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Community Bulletin: Preserving The World’s Tallest Mountain

A round-up of community activities from across the country:

Everest Day spurs call to preserve iconic mountain

As part of Everest Day celebrations across New Zealand, the Nepalese community has renewed calls for preserving the world's highest peak.

"New Zealand and Nepal share a common commitment to preserving the pristine beauty of Everest and its surrounding Himalayan region," says the Nepalese Culture and Tourism Promotion Forum in a statement.

"However, the increasing footfall of climbers and tourists has raised concerns about environmental degradation and waste management. As custodians of Everest, both nations must work together to implement sustainable practices and ensure the conservation of this natural treasure for future generations."

The group called on the New Zealand government to lead the way in setting a global example for responsible adventure.

"The New Zealand government, with its expertise in environmental management and sustainable tourism practices, can play a pivotal role in saving Everest from becoming a victim of its own popularity," the statement said.

Seventy-one years ago, at 11.30am on 29 May 1953, Sir Edmund Hillary and Sherpa Tenzing Norgay became the first climbers to the world's highest peak.

Nepal begun commemorating the date as International Everest Day after Hillary's death in 2008 as an occasion to promote alpine tourism and mark the special bond that exists between Nepal and New Zealand.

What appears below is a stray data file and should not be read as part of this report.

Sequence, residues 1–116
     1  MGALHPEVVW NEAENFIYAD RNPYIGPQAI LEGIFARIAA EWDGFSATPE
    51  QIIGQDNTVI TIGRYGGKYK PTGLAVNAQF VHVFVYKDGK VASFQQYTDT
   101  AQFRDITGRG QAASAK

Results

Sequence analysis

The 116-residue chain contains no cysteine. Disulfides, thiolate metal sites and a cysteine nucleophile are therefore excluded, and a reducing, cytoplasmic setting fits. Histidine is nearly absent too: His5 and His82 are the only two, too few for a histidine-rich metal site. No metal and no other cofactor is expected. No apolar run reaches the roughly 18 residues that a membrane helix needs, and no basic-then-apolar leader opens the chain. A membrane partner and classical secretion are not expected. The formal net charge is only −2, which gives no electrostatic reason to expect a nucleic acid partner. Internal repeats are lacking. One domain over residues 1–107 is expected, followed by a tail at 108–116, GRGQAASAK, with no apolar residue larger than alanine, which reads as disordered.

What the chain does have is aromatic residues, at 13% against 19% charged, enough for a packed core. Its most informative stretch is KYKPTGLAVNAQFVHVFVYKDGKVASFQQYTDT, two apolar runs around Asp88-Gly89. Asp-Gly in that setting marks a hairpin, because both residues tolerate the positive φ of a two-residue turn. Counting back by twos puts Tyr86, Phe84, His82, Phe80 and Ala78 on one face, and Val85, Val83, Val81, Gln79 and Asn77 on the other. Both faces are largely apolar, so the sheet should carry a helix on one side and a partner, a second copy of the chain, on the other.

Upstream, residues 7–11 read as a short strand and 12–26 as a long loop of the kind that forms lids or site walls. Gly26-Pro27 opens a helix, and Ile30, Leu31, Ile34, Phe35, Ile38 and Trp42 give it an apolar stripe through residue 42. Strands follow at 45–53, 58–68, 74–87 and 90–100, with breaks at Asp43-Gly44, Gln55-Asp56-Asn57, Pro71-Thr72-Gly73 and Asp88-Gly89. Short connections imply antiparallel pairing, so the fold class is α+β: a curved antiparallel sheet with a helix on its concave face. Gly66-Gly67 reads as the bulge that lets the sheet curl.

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To celebrate Hillary and Tenzing's historic feat, several programs are organized every year across New Zealand that showcase Nepalese culture, cuisine and traditions.

Celebrations this year took place in Auckland, Wellington and Invercargill.

Girmit Remembrance Day marked in New Zealand

The Fiji-Indian community in New Zealand marked Girmit Remembrance Day on 14 May.

It was this day in 1879, a ship named The Leonidas docked in Fiji with 463 Indian indentured labourers who were sent to the Pacific to work in sugar cane plantations.

Over the next 37 years, more than 60,000 people were transferred from all parts of British India to work in Fiji.

These workers came to be known as the Girmitiyas, as they were bound by a girmit - a Hindi pronunciation of the English word "agreement".

One of the biggest events took place in Auckland's Mangere neighbourhood organised by the Fiji Girmit Foundation New Zealand.

"It is a day where we honour and remember their struggles and sacrifices, but we also celebrate their resilience," Krish Naidu, president of the foundation, told RNZ last year.

"It's important our young people in particular actually understand who we are, where we come from."

A similar event was organised in Wellington's Petone by the Fiji Indian Association and Tisi Sangam Wellington.

Sikh Heritage School celebrates its annual day

The Sikh Heritage School, which is based in Auckland's Takanini neighbourhood and is managed by the Supreme Sikh Society, celebrated its annual day on 4 May with hundreds of children participating in various activities.

Since its foundation with just five children in 1989, the school has grown to accommodate more than 1000 kids between the age of 4 and 19 over the past three decades.

The school is run by a team of 30 teachers, alongside a board comprising five members and four administrators.

"Offering a comprehensive curriculum spanning 24 classes, including Punjabi language, music and Gurbani recitation, the school serves as a vital bridge connecting New Zealand children to their cultural roots and mother tongue," said Daljit Singh, president of the Supreme Sikh Society.

"A defining characteristic of the Sikh Heritage School is its dedication to fostering fluency in Punjabi among its students through immersive learning experiences."

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